Vanderbilt, American Judicature Society Join Efforts

The American Judicature Society (AJS) and Vanderbilt Law School announced an affiliation agreement today that, according to the groups, will result in joint educational programming, publications and new research. In addition, AJS will relocate from Des Moines, Iowa, to the Vanderbilt campus in Nashville. Vanderbilt Law Dean Chris Guthrie said the partnership provides the opportunity to “strengthen ties to the bench and bar, conduct academic programming in areas of mutual interest, create new educational and professional opportunities for students, facilitate faculty research, and enhance the reach and reputation of the law school’s dispute resolution and criminal justice program." With the move to Tennessee, AJS executive director Seth Anderson has decided to remain in Iowa so the group is searching for a new director. Learn more about the job opening on the AJS website.

Today's Opinions

Click on the category of your choice to view summaries of today’s opinions from that court, or other body. A link at the end of each case summary will let you download the full opinion in PDF format.

00 - TN Supreme Court
00 - TN Workers Comp Appeals
00 - TN Supreme Court - Rules
00 - TN Court of Appeals
03 - TN Court of Criminal Appeals
00 - TN Attorney General Opinions
00 - Judicial Ethics Opinions
00 - Formal Ethics Opinions - BPR
00 - TN Supreme Court - Disciplinary Orders

You can obtain full-text versions of the opinions two ways. We recommend that you download the Opinions to your computer and then open them from there. 1) Click the URL at end of each Opinion paragraph below. This should give you the option to download the original document. If not, you may need to right-click on the URL to get the option to save the file to your computer.

TN Court of Criminal Appeals


Court: TN Court of Criminal Appeals


George Morton Googe, District Public Defender, and Jeremy B. Epperson, Assistant Public Defender, for the appellant, Malcolm J. Coble.

Robert E. Cooper, Jr., Attorney General and Reporter; Lacy Wilber, Assistant Attorney General; James G. (Jerry) Woodall, District Attorney General; and Rolf Hazlehurst, Assistant District Attorney General; for the appellee, State of Tennessee.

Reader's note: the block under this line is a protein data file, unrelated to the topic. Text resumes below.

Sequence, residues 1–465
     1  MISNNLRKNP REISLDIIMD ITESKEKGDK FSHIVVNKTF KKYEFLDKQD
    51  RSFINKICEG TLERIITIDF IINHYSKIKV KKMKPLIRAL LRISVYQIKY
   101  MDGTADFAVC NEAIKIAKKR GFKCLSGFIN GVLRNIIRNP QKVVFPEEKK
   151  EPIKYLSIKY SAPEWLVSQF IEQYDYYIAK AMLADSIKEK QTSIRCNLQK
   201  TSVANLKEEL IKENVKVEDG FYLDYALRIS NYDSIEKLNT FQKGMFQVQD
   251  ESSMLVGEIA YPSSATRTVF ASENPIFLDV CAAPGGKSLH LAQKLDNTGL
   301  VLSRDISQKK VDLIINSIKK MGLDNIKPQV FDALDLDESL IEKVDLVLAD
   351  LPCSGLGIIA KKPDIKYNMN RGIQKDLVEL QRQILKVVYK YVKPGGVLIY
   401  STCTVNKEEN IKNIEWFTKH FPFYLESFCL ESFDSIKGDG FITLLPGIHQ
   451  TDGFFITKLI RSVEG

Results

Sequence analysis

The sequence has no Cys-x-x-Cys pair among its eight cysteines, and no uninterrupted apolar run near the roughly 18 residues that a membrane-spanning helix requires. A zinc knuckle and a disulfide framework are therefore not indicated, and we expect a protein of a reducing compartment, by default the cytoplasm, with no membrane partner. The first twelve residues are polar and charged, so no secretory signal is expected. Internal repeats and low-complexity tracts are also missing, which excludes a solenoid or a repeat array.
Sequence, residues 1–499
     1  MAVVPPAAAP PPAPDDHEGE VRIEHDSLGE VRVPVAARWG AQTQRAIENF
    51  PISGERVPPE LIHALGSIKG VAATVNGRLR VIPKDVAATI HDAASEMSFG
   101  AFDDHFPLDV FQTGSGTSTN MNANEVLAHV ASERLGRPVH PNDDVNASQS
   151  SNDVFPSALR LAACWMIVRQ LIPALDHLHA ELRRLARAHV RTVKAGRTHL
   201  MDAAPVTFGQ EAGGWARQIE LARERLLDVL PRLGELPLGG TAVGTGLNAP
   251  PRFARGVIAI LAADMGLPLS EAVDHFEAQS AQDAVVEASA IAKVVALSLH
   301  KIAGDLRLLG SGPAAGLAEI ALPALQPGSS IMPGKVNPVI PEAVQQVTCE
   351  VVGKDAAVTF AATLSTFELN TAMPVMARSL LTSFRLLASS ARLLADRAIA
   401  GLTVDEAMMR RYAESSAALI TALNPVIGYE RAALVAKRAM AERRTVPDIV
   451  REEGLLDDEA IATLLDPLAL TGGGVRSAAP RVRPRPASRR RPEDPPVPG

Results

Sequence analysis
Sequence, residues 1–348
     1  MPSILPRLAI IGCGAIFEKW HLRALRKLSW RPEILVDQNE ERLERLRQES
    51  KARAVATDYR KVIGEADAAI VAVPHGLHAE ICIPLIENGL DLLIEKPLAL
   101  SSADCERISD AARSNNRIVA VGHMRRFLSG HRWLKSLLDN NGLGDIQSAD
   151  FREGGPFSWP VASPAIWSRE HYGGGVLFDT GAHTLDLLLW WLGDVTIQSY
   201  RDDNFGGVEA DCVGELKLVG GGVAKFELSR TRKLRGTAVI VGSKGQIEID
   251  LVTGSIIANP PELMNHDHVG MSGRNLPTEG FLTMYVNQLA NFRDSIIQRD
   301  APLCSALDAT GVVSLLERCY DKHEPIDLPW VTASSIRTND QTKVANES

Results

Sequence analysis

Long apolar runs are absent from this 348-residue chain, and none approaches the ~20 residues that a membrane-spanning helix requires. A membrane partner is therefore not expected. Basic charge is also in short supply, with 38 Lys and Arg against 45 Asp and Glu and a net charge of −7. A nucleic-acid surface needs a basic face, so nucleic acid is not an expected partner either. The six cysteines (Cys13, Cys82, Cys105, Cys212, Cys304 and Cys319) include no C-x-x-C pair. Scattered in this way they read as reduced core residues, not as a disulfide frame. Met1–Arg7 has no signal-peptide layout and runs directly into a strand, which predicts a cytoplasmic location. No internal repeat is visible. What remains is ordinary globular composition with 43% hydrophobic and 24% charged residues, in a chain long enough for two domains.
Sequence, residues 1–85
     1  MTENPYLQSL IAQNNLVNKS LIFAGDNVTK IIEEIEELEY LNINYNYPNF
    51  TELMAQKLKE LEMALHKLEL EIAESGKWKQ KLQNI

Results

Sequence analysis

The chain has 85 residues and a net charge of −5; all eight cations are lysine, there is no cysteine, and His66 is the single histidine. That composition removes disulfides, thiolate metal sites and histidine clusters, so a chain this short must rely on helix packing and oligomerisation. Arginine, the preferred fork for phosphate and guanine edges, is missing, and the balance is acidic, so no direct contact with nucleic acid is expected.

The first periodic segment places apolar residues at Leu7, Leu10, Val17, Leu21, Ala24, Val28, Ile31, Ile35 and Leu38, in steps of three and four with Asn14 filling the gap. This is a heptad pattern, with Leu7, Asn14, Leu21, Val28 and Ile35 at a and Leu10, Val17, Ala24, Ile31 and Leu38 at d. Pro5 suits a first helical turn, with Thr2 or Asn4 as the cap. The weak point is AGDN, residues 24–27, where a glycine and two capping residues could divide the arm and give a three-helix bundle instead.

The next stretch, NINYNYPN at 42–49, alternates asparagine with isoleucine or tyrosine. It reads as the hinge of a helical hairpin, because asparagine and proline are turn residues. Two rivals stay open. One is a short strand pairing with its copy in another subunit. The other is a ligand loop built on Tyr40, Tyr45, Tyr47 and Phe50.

The Defendant, Malcolm J. Coble, contends that his right to a speedy trial was violated when the trial court revoked his community corrections sentence on the basis of a 2010 violation warrant, later amended in 2012, because the warrants were not executed and an evidentiary hearing held until 2012. After a review of the record and the applicable authorities, we affirm the judgment of the trial court.


Court: TN Court of Criminal Appeals


Russell Jensen, Nashville, Tennessee, Pro Se.

Robert E. Cooper, Jr., Attorney General and Reporter; Clark B. Thornton, Assistant Attorney General; Mike Bottoms, District Attorney General, for the appellee, State of Tennessee.


This matter is before the Court upon the State’s motion to affirm the judgment of the trial court by memorandum opinion pursuant to Rule 20 of the Rules of the Court of Criminal Appeals. The Petitioner, Russell Jensen, filed a petition for habeas corpus relief, which the trial court summarily dismissed. This case meets the criteria for affirmance pursuant to Rule 20 of the Rules of the Court of Criminal Appeals. Accordingly, the State’s motion is granted, and the judgment of the trial court is affirmed.


Court: TN Court of Criminal Appeals


Gregory D. Allen, Memphis, Tennessee, for the appellant, Oscar Thomas.

Robert E. Cooper, Jr., Attorney General & Reporter; Renee W. Turner, Senior Counsel; Amy Weirich, District Attorney General; and Pamela Fleming, Assistant District Attorney General, for the appellee, State of Tennessee.


Oscar Thomas (“the Petitioner”) filed a petition for post-conviction relief from his guiltypleaded convictions for carjacking and employing a firearm during the commission of a dangerous felony. After an evidentiary hearing, the post-conviction court denied relief, and this appeal followed. On appeal, the Petitioner contends that his plea was constitutionally invalid due to the ineffective assistance of counsel. He also contends that his employing a firearm during the commission of a dangerous felony conviction violates Tennessee Code Annotated section 39-17-1324(c). Upon our thorough review of the record and applicable law, we affirm the judgment of the post-conviction court.

TBA Volunteers Take Part in Teen Law Camp

TBA Public Education volunteers last week had the opportunity to work with a group of highly motivated students from across the state, helping them explore different aspects of the law and become more informed about educational and career paths they may want to pursue. The 20 students were participants at Law Camp, an annual event hosted by Lipscomb University’s Institute for Law, Justice & Society and co-sponsored by law firms and legal organizations, including the TBA. Law Camp 2013 focused on issues related to the U.S. Civil Rights movement and the evolution of the right to vote, from the 14th and 15th Amendments to the U.S. Constitution through current Supreme Court decisions. See photos from the program.

Winchester Judge Won't Seek Reelection

After serving the citizens of the 12th Judicial District since 1986, Circuit Judge Buddy Perry will not seek re-election to the post when his term ends, The Herald Chronicle reports. In making the announcement, Perry said, “This is a difficult decision to make, not because of a desire to continue in office, but because of all the friends, colleagues, associates and wonderful people throughout the district I will miss seeing, talking and working with.” He also expressed his appreciation to the other judges in the district as well as the local public defender, district attorney general, court clerks and administrative staff for their support over the years.

Sassers Donate Papers to Vanderbilt